Robotic hands may not be able to feel their way around a patient during surgery, but they have changed the face of surgical medicine. Surgeries that once required large incisions, days or weeks in the hospital and months of recovery time are now completed using tiny holes, camera-guided instruments, and robotic interfaces. For Dr. Sami Kilic, robotics is the answer for pregnant women with incompetent cervixes that threaten the viability and health of the pregnancy.

Dr. Sami Kilic is a medical pioneer. The surgeon is the chief of minimally invasive research and gynecology at the University of Texas Medical Branch (UTMB) in Galveston, Texas. When a patient presented with an incompetent cervix that threatened her pregnancy, he was forced to make a serious decision. Complete cervical cerclage using traditional methods requiring a large incision or find another safer way. The doctor chose the safer route and used robotics to perform a minimally invasive procedure that helped the patient remain pregnant until the start of labor in the 36th week.

Kilic used the da Vinci robotic surgical system and a real-time ultrasound to guide his surgery. He sutured the cervix in hopes of prolonging the pregnancy. The patient stayed in the hospital 24 hours after surgery, which required just three tiny holes as opposed to one large incision. Just two weeks later an ultrasound revealed the cerclage was perfectly placed. The remaining weeks of pregnancy were uneventful until labor began in week 36.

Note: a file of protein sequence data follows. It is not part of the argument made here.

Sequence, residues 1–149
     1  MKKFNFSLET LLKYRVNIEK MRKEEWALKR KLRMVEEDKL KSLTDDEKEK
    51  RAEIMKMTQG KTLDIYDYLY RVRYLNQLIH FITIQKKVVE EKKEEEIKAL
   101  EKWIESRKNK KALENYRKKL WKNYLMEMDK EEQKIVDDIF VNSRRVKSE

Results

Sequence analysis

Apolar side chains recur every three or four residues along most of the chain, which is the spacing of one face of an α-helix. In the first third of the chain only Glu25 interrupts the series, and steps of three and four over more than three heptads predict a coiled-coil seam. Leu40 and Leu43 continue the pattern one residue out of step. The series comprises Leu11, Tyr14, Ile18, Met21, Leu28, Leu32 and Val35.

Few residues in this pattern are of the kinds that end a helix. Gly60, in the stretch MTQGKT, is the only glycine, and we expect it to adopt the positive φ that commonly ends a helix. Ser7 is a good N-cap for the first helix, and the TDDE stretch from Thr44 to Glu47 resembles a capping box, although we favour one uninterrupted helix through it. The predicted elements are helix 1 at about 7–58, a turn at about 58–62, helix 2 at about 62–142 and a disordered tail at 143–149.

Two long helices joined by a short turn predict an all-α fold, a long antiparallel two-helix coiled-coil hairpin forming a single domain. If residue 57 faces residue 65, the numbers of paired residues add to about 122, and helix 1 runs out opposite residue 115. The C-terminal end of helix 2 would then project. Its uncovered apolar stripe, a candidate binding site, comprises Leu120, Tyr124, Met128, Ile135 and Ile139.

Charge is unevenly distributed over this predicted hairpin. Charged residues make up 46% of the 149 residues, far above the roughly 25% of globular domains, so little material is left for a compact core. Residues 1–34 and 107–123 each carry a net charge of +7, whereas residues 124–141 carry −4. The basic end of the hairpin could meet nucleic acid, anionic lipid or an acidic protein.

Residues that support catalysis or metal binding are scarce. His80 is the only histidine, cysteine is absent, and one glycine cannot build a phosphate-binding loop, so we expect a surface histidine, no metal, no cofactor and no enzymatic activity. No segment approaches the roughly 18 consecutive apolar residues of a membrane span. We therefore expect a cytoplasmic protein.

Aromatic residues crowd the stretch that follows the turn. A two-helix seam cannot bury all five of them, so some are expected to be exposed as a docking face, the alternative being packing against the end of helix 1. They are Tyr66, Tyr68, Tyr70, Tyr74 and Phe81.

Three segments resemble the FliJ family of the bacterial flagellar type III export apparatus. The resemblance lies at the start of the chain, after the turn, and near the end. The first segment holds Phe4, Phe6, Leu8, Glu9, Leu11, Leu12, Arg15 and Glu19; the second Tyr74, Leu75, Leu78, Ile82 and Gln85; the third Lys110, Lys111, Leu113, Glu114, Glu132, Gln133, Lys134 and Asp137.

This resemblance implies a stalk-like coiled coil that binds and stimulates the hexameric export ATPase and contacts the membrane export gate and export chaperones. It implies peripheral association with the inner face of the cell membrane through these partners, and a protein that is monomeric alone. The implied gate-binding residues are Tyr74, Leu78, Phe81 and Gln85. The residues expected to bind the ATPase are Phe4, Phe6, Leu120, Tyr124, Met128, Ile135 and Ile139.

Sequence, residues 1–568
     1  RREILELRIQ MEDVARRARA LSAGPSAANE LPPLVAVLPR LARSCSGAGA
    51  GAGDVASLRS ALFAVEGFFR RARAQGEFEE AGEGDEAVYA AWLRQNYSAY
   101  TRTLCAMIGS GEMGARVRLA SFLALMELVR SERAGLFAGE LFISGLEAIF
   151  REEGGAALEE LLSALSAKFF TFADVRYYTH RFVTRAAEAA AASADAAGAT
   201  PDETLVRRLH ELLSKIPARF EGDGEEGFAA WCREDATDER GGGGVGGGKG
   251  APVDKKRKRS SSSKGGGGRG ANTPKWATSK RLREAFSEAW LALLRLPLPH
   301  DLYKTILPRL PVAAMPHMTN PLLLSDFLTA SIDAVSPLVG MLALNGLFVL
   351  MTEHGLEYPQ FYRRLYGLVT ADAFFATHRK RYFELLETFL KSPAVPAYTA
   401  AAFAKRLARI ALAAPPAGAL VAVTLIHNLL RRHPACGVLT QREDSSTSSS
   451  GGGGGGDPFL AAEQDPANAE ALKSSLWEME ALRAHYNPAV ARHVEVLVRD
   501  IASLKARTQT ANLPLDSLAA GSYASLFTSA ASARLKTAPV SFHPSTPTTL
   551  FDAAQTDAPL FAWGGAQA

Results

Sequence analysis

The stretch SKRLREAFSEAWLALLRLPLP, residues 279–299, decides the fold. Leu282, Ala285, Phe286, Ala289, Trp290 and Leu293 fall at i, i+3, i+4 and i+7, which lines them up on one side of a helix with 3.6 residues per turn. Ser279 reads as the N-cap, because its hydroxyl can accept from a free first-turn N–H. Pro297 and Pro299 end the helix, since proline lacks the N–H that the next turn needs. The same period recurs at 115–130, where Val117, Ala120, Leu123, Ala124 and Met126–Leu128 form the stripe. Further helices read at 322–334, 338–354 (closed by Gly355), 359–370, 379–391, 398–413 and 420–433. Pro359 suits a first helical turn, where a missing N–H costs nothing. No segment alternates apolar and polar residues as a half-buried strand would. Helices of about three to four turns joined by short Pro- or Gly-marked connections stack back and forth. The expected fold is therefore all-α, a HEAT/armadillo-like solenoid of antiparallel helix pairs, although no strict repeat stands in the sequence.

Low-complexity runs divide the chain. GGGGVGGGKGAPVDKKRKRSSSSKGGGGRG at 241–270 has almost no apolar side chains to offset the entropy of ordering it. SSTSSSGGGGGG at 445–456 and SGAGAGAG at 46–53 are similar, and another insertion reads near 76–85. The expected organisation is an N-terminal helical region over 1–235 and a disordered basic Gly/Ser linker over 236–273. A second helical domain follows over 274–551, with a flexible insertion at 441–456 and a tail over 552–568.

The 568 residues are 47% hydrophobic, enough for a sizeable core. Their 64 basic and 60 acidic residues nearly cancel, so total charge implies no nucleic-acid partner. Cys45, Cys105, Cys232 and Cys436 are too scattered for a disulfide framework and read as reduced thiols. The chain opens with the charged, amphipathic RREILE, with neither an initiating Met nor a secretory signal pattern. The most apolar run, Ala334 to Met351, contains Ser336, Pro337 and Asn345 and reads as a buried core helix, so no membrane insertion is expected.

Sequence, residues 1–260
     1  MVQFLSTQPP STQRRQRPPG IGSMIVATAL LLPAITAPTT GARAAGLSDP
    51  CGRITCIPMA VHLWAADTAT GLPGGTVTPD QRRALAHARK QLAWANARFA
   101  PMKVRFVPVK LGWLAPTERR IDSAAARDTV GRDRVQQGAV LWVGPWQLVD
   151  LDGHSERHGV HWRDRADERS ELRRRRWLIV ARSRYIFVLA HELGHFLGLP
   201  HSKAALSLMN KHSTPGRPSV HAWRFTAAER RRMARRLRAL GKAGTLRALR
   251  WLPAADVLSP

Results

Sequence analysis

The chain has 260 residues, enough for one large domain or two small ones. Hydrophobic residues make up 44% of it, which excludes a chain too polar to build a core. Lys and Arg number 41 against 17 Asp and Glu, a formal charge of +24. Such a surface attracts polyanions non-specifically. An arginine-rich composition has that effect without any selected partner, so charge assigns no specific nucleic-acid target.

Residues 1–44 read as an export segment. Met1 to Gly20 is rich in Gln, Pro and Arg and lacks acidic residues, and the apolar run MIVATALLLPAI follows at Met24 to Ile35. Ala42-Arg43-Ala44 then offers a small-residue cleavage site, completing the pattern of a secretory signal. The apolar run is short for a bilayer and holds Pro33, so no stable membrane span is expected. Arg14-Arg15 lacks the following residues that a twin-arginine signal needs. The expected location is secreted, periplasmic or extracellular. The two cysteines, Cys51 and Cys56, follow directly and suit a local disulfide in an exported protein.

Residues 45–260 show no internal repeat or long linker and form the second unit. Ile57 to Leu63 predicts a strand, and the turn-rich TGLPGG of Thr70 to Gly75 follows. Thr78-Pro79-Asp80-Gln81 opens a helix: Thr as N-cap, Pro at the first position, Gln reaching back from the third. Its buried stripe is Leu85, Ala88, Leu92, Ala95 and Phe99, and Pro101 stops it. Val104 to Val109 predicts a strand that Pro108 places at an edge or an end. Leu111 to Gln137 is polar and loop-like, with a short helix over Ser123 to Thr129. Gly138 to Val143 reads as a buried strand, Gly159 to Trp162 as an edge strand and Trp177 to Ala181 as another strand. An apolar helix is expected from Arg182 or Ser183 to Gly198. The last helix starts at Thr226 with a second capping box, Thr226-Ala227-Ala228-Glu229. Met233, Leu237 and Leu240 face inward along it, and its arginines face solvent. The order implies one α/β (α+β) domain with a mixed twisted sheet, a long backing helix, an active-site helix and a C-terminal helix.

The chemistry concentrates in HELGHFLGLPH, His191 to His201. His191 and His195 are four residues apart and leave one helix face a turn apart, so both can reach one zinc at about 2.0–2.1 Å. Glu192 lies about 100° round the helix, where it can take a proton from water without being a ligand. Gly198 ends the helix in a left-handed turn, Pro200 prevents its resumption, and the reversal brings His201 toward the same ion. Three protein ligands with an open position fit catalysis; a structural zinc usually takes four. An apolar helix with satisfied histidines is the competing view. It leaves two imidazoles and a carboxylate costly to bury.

This is the first robotic cervical procedure of its kind due to the dual screen technology Dr. Kilic used. The doctor was able to see both the ultrasound and robotic camera views simultaneously; something that decreases the risk, according to Dr. Kilic. The full outline of the procedure and corresponding medical data was published in the Journal of Minimally Invasive Gynecology.

Cervical cerclage is a dangerous procedure that can lead to hemorrhage or miscarriage if performed incorrectly. The procedure is reserved for pregnant patients with an incompetent or short cervix who would not be able to carry the pregnancy to term without the cerclage procedure.

Source: University of Texas Medical Branch.

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